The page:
As a girl who has loved the game of basketball since the age of 9, when I was the only girl on my YMCA basketball team, I knew this was a sport that would be part of my life forever.
The older I got and the more I studied the game I quickly realized that there was one coach I wanted to play for, and her name was Pat Summitt.
My reverence for Summitt was understandable. She was the commander-in-chief of the best women’s basketball program in the country; the women whose legendary precision and steely determination had been immortalized on the cover of Sports Illustrated, and who had, more importantly, delivered widespread respect to our game.
Pretty much all of us: every young basketball player, at every summer camp, at every tournament, in every nook and cranny of this entire country – even those of us, or perhaps especially those of us, wanted to play for the University of Tennessee just so we could have the chance to be coached by her.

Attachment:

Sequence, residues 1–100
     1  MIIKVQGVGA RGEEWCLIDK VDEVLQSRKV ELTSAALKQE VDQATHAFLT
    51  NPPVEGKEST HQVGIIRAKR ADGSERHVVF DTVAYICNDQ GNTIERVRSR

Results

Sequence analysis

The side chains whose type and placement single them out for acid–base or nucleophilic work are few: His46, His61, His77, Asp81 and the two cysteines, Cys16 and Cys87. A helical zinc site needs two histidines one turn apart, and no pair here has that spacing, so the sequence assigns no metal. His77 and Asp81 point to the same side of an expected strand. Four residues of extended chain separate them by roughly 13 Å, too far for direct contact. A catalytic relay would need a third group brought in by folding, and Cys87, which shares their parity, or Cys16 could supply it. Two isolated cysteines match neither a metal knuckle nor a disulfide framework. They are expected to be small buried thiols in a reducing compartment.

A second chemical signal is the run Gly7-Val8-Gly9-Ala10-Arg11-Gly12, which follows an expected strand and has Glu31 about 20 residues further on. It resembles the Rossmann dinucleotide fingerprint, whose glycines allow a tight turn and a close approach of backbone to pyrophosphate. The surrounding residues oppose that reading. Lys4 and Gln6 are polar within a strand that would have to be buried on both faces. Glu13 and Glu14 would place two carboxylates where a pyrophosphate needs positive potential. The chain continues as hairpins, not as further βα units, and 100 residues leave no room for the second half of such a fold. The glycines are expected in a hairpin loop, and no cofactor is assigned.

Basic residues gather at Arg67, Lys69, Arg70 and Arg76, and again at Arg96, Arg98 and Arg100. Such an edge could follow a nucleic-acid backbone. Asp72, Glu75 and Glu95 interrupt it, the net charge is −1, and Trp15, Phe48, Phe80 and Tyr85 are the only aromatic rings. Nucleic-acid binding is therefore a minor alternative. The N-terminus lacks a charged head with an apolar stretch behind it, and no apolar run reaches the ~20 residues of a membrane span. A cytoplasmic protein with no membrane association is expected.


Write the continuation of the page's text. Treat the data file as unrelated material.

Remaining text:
The basketball world lost Summitt last year, and while myself as well as many other basketball fans across the globe mourned her loss and what she meant to this game we love, I couldn’t help but wonder who the next generation of female athletes would have to look up to.
And then it happened; over the weekend the UConn women’s basketball team won their 91st game in a row. Ninety-one. The UConn women, coached by Geno Auriemma, have been the picture of basketball perfection.
The Huskies finished 38-0 last season en route to earning the program’s 11th all-time national title. A perfect regular season may once again be in order this year for the program and then it hit me – the next generation will be just fine.
Geno Auriemma and the UConn women basketball program will mean to young girls today what Pat Summitt and the Tennessee Lady Vols meant to me growing up.
I did not know Pat Summitt. And yet, somehow, what she offered me was invaluable: She helped me know myself.
Hopefully this next generation of female athletes will get the same reward from Geno Auriemma and the UConn women’s program.
Megan Huston is the sports editor for The Meteor. She can be reached at 936-348-3505 or email@example.com.